HC Deb 11 April 1859 vol 153 cc1611-2

Order for Third Reading read.


said, he wished to ask whether this was merely a continuance Bill. A most important clause relating to savings' banks had been inserted in a continuance Bill a day or two before.


said, this was a more continuance Bill.


said, he wished to state with reference to the clause alluded to by the hon. Member, that during the last twelve months institutions called Penny Savings' Banks had been very generally adopted, but as the law now stood such institutions could not invest their funds beyond the limit of £200 in ordinary Savings' Banks. The Government had, however, proposed such alterations in the existing law as would place the Penny Savings' Banks in this respect upon the same footing with Friendly Societies and other similar institutions. He was informed that the clause was much required and had inserted it under the belief that no objection was felt to it.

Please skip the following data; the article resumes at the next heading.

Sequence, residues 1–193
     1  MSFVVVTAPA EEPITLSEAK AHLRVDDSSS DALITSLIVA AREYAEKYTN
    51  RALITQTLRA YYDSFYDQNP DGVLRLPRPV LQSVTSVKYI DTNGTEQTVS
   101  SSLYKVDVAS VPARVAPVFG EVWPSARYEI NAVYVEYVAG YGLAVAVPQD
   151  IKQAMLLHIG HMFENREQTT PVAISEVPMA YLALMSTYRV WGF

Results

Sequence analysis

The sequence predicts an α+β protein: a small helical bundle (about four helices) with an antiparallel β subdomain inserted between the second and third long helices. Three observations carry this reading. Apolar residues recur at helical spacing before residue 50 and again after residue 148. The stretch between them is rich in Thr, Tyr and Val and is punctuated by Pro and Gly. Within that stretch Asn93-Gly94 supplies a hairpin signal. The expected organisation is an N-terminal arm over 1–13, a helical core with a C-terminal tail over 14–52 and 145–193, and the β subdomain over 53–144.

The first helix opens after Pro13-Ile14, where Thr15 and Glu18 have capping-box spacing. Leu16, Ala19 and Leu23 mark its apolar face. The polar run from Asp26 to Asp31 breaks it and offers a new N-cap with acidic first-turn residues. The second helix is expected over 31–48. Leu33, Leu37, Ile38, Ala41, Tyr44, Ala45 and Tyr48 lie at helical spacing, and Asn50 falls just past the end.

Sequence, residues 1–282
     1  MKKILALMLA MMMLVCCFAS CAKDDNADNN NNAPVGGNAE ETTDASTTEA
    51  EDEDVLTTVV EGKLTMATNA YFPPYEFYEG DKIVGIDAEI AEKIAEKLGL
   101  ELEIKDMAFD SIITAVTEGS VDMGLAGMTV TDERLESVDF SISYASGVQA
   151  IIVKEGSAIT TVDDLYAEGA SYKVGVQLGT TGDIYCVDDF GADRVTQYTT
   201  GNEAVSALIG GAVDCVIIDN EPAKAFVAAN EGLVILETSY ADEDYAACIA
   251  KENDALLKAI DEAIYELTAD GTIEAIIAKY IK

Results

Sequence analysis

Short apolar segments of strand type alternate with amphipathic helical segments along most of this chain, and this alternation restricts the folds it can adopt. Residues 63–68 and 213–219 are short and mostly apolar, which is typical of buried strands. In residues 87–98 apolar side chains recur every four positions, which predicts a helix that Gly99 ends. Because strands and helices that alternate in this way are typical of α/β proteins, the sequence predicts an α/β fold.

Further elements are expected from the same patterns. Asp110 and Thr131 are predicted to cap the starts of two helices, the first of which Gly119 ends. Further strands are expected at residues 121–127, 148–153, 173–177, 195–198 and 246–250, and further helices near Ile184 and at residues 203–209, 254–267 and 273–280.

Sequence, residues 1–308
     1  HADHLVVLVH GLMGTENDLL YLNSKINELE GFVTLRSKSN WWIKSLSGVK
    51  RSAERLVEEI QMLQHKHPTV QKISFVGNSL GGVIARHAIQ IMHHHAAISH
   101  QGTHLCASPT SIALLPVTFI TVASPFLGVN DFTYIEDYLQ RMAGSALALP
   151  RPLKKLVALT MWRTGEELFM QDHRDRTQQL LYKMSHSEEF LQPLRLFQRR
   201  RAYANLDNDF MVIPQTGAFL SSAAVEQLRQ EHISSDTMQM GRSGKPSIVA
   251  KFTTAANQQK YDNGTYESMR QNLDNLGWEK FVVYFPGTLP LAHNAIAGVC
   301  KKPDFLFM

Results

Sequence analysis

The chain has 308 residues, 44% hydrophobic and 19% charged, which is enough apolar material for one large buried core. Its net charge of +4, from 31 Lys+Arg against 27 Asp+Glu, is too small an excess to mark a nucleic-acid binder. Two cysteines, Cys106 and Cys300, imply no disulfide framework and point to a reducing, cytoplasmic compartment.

said, that as this was a Bill referring to the Navy, he hoped he should be in order in calling attention to the subject which he wished to bring before the House, relating to Greenwich Hospital. It appeared from the Report on the Manning of the Navy, that there were now a great number of vacancies in that establishment—no less than 960—which was sufficient to show that it was not popular with the navy, and that it did not give the satisfaction desirable to those for whom it was intended. He would not enter into matters of detail, but he wished to ask the First Lord of the Admiralty what measures the Government were prepared to take to place that noble establishment, which ought to be to them a subject of pride, on a better footing.


said, as the hon. and learned Gentleman had given no notice of his question, he could only give him a general answer. The report to which he had alluded contained a great deal of matter, and undoubtedly the representations with reference to Greenwich Hospital were not the least important points to which it referred. It was the intention of Her Majesty's Government to inquire into the condition of that noble institution, with the view of ascertaining whether any, and what, changes were necessary to increase its efficiency.

Bill read 3°, and passed.